Magnum Farce PDF
Written by Colin Jacobson   


Article"Magnum Photos which was founded by Cartier-Bresson, Robert Capa, George Rodger and others to set new photo-journalistic standards, has recently allowed several of its pictures to be used in advertisements. Colin Jacobson argues that this threatens the agency's original values and sets a dangerous precedent."


Strange things are happening in the world of contemporary photojournalism. As less and less reportage photography is published in magazines and books, it is generally accepted that photojournalism is in crisis. At the same time, the advertising industry finds documentary images increasingly attractive. Sebastiao Salgado, perhaps the most celebrated photojournalist of our time, has been commissioned to take pictures for car and cigarette advertisements. Also, a campaign for Hugo Boss recently used three established British photographers working in the black and white documentary tradition.


Like many other picture agencies, Magnum, the world famous photography cooperative, has recognized this lucrative market place. Liz Grogan, head of commercial sales at Magnum's London office, denies that this is anything new, and points out that Elliot Erwitt, famous for his humorous work, was selling images to advertisers 30 years ago.


Magnum is renowned for its humanitarian objectives. Its name is synonymous with honesty and integrity. It was founded almost 50 years ago, on the basis that a photographer's individual responsibility was paramount, as was respect for the subjects photographed. Recent examples of reportage advertising involving Magnum photographs demonstrate the difficulties raised when editorial images are re-used in an entirely new, and commercial, context. The advertisements for Pepe jeans and Fiat finance, use photographs by Martin Parr, a relatively recent Magnum member. They constitute deliberate secondary use of images removed from their original purpose and setting, accompanied by captions which are knowingly insulting to the individuals depicted.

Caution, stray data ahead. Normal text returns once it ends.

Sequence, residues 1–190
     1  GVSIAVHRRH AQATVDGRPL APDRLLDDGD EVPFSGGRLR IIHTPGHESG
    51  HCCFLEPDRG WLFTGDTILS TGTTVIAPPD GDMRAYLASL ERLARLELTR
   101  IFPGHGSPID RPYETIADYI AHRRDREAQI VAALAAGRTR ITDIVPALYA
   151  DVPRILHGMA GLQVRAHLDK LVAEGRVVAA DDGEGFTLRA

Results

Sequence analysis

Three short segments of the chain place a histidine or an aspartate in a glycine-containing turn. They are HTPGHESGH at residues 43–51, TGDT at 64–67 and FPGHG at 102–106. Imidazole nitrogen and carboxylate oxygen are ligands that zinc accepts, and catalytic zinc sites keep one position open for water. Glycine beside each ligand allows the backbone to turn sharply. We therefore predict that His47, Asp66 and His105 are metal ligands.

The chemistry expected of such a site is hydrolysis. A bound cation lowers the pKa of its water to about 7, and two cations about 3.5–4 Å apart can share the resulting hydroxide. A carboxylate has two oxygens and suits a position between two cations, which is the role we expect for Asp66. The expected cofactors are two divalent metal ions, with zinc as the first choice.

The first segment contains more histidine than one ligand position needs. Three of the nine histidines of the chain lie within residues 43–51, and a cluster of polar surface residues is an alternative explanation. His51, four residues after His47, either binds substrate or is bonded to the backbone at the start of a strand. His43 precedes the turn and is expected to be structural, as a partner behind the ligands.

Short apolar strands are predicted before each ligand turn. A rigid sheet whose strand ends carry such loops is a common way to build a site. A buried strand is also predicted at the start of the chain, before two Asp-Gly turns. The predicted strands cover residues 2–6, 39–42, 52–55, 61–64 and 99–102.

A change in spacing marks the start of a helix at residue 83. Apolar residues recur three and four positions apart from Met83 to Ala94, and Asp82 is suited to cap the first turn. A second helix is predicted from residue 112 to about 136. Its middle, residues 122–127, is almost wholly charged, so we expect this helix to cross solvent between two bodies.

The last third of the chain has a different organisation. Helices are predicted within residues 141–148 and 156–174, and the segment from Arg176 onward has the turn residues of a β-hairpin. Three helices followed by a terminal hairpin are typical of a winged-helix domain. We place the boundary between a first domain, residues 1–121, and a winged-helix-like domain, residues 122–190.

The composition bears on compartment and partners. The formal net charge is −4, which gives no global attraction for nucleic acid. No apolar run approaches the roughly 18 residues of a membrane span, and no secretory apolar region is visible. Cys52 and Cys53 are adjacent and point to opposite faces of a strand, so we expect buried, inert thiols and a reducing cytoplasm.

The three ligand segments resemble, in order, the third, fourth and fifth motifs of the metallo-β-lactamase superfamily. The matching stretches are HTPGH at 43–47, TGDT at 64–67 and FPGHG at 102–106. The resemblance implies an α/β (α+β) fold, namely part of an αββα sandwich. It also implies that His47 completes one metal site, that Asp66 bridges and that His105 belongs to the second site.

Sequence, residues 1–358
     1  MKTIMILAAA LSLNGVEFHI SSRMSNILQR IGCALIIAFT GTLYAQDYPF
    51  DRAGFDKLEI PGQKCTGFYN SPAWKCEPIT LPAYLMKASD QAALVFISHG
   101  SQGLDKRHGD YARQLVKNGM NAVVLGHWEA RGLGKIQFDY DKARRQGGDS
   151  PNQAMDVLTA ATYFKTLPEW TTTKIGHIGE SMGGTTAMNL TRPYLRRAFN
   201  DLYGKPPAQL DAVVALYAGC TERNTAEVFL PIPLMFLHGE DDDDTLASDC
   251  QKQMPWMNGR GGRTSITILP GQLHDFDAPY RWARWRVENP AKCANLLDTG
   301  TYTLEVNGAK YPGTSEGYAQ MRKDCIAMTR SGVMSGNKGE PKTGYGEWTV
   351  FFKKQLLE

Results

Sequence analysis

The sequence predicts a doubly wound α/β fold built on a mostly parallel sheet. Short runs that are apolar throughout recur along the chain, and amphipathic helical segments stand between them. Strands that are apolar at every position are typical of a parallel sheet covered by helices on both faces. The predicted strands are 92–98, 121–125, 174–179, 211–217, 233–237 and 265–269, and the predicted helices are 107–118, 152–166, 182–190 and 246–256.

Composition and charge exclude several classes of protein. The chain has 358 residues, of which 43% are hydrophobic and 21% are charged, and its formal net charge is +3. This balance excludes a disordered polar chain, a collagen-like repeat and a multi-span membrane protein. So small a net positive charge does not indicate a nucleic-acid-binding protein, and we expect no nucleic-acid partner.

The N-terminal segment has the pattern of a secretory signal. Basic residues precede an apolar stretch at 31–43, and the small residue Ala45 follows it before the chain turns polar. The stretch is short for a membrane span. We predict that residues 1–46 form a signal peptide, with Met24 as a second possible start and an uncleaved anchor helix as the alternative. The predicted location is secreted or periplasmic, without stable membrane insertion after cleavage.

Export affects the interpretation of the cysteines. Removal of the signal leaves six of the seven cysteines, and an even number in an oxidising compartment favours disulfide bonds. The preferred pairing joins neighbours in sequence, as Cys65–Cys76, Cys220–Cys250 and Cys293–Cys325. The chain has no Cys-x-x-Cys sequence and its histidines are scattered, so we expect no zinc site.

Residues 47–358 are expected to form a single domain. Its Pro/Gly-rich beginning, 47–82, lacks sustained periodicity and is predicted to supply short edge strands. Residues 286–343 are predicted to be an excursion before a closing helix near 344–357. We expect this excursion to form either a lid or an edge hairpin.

Liz Grogan defends the situation: "Where we can, we try the individuals concerned [in the photograph], although often leave that to the advertising agency. Parr concurs: "I find out what the advertisement is for , seek to track down the people in the photo, offer them a payment. It's their decision." In the case of the Fiat advertisement, where the individuals could not be traced, Magnum asked the agency to put aside money in case they should come forward.


The people featured in the Pepe advert gave their permission, and received payment, but does this absolve Magnum from their responsibility for allowing the photographs to be used in this way? What is at stake is not just the nature of the advertising, or even how editorial photographers and their agents view this rich market for their work. There is a more fundamental matter, which goes to the heart of the vulnerable and delicate relationships which photographers have with the people they photograph.


In the case of Martin Parr, the debate takes on added significance, because he is a documentary photographer well known by the general public in Britain, and very famous abroad. His stylistic approach has been widely imitated by contemporary photographers, and is generally perceived to represent a rejection of the black and white documentary tradition passed down by magazines such as Picture Post and Life. His work has been constantly published in leading magazines throughout the 1980's and 90's. He has been featured several times on British TV and being promoted overseas by the British counsil. He recently had two exhibitions running concurrently at major venues in France.